I called an old friend who works as a technician and his take on the capacitor problem is as follows:
The power supply is a switching power supply, which is smaller, lighter, and cheaper than a more conventional power supply, but is also considerably less durable. From the beginning, the output has ripple AC current that the motherboard capacitors have to deal with, and as the capacitors within the power supply degenerate, there is an increasing amount of ripple current that further stresses the 6.3V 1500mF capacitors on the motherboard as they clean up the dirty voltage from the power supply. Low quality capacitors are part of the problem, but the use of a switching power supply is the actual root cause. Even with good capacitors, the design is not a long-lasting one.
If this is indeed the case, do any high-end computers use the old type of very solid (and very heavy) power supplies? With all the extra copper involved, this would probably double the weight of the machine, but if longevity is the goal, it would be an interesting option for those who could afford it.
I suppose machines that don't have to be left on 24/7 ought to be unplugged when not in use. Going back to my 25-year-old Sony TV. How long would it have lasted if it had been on 24/7? Not 25 years for sure! It's also a pre-remote control model, so when the power button is switched off, there's no current going to the circuitry inside.
What else. A few hardware things just in case anyone might be interested.
My remaining Dell Dimension-C's motherboard capacitors are bulging upward. I hadn't noticed earlier, as there is no leaking or hint of linking and they look fine visualy down inside the computer. By reaching in and touching the tops however, I can feel that they are bulging upward. After talking with my friend about power supplies, I had a look inside the 80W(!) power supply of my dead Dell Dimension-C. All looks fine visually... and most of the caps have a "K" on the top instead of an "X". I read somewhere that the "K" capacitors are better? I also read though that the capacitors can look fine visually but still be bad, so - without an oscilloscope - it's hard to say what condition the output power from that power supply is in. It certainly is a low-capacity power supply though! (By comparison, the custom box I have has a 300W rating.)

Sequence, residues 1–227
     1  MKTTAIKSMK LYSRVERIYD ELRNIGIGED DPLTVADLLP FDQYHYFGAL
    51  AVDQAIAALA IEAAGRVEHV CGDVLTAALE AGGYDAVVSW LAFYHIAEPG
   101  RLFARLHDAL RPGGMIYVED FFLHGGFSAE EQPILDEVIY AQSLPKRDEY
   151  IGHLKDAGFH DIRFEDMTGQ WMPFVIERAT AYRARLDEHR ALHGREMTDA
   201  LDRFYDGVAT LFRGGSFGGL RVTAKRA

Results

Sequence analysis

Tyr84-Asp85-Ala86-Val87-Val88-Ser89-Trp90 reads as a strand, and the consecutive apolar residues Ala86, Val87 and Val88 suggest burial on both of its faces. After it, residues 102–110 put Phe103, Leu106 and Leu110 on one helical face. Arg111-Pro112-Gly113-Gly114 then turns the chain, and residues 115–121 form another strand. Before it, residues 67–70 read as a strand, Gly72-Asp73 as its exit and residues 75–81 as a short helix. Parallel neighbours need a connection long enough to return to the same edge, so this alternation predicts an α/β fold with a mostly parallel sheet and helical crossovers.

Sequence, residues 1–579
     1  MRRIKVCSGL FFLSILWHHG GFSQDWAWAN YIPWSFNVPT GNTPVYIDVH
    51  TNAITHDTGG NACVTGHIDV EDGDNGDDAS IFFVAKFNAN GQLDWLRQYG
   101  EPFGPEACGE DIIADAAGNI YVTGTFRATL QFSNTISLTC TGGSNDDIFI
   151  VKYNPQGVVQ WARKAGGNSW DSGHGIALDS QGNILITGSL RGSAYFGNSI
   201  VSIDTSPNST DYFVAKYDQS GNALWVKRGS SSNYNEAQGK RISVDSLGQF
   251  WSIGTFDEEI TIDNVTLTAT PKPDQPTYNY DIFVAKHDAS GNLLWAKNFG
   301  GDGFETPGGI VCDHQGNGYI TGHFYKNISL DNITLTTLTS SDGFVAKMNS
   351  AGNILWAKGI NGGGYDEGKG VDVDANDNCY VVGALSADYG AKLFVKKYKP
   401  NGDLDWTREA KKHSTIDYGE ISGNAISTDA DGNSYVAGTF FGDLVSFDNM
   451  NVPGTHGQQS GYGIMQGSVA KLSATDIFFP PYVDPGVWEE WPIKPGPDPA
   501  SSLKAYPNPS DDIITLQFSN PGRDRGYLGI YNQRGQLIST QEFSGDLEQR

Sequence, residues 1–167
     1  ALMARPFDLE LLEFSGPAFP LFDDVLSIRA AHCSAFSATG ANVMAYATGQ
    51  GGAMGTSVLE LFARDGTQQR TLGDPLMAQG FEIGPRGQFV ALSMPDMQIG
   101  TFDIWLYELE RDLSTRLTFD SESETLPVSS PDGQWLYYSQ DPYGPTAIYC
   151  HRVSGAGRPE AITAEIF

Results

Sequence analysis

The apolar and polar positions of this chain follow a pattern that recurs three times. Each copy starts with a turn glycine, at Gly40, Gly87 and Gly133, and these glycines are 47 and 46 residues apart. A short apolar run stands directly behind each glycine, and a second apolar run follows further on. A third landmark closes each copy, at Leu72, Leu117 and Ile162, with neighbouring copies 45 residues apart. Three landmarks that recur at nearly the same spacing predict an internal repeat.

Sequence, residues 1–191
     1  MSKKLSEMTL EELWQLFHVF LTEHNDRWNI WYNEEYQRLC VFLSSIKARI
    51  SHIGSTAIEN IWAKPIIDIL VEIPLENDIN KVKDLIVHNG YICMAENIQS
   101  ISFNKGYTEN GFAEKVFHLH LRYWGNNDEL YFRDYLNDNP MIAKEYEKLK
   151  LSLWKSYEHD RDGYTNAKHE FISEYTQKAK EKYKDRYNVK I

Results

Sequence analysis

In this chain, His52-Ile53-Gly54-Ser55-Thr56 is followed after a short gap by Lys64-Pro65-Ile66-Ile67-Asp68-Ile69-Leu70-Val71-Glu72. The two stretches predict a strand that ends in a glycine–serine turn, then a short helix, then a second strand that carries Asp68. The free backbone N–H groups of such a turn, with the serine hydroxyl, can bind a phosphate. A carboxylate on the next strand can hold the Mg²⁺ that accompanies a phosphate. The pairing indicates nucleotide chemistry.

I dragged an old Epson box out of storage and installed the new board I bought last week in it. The power light comes on, but there is no other sign of life. I'm tired of wasting time on that board, so I think I'll just write it off. One good thing though, is that the old motherboard of the Epson machine has ten of the "K" capacitors that seem to be in good condition, so maybe I'll try putting them onto the board of the custom computer that is working with bulging capacitors that are just beginning to leak sightly (with black in the middle of the "X" on their tops).
The old Epson has a floppy drive and cable that utilizes a missing prong on the male side and a blocked over hole on the female side. The old cable thus would not plug into the board, so I had to change the cable to a newer type with no blocked over holes. What technical shift in floppy drives does this represent, if any?
New boards seem to be more square, while the board in the custom box I have is narrower and longer. This creates a mechanical problem, as the corner of the board competes with the CD/DVD drive for space.
Lyle (Hiroshi) Saxon